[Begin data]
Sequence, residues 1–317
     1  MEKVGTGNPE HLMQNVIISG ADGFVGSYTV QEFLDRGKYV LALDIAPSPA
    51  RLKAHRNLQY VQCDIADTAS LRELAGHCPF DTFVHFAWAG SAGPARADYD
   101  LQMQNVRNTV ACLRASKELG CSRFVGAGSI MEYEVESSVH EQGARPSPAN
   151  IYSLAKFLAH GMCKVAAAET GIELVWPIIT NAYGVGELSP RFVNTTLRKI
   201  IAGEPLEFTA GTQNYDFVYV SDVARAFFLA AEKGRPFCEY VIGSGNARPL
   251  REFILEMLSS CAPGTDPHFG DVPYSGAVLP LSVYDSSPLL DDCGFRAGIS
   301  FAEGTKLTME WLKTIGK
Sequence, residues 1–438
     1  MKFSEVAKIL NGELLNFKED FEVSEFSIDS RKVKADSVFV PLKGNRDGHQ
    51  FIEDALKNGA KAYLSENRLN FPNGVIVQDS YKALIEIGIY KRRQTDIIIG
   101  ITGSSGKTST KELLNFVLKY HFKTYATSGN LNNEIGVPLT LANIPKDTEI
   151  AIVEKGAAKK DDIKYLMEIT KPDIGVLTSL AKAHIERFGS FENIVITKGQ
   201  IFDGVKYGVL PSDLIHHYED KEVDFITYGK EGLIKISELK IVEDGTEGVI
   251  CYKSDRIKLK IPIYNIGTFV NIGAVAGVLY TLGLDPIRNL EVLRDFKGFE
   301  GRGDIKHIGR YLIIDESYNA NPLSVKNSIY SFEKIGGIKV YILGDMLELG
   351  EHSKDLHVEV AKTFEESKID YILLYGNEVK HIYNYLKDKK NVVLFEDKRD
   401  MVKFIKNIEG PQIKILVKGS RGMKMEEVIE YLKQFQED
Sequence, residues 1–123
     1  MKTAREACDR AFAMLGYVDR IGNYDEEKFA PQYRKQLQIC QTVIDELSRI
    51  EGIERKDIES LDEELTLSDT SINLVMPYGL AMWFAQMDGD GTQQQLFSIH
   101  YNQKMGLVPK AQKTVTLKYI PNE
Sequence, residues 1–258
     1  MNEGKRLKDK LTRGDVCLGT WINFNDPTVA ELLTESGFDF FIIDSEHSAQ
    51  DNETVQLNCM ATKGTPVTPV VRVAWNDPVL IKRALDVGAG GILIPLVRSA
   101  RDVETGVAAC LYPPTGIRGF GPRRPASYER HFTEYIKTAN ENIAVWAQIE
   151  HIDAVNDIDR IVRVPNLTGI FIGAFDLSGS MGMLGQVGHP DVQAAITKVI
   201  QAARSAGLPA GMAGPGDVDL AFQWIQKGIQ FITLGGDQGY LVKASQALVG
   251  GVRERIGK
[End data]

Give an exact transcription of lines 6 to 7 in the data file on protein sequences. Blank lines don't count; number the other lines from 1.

   201  IAGEPLEFTA GTQNYDFVYV SDVARAFFLA AEKGRPFCEY VIGSGNARPL
   251  REFILEMLSS CAPGTDPHFG DVPYSGAVLP LSVYDSSPLL DDCGFRAGIS